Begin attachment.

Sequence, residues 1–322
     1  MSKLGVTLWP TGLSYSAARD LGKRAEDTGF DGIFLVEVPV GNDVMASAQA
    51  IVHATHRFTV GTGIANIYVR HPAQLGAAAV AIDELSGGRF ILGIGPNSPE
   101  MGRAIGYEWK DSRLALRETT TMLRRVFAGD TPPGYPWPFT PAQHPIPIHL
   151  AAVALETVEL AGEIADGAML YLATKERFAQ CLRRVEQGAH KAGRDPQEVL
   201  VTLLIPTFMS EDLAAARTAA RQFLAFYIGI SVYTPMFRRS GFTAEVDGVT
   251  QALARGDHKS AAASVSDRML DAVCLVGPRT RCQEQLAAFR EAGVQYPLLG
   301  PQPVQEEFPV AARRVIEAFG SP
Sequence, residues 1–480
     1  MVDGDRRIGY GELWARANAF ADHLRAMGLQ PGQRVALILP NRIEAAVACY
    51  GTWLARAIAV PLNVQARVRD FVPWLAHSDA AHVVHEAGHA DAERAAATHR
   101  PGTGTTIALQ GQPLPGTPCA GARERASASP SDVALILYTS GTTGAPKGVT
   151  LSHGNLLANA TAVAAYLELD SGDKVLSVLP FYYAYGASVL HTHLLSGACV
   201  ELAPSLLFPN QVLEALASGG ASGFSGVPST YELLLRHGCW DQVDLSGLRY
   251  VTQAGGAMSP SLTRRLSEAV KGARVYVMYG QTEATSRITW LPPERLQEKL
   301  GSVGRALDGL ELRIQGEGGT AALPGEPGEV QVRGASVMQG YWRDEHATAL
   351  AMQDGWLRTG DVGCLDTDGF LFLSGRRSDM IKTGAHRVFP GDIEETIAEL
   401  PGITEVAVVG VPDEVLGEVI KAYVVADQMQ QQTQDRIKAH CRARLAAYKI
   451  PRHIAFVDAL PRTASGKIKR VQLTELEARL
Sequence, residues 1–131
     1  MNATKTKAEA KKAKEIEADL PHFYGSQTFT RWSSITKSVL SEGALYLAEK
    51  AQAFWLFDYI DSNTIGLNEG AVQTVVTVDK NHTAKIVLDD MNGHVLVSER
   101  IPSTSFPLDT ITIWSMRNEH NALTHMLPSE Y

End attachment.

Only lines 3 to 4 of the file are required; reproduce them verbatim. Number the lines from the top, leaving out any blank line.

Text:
    51  IVHATHRFTV GTGIANIYVR HPAQLGAAAV AIDELSGGRF ILGIGPNSPE
   101  MGRAIGYEWK DSRLALRETT TMLRRVFAGD TPPGYPWPFT PAQHPIPIHL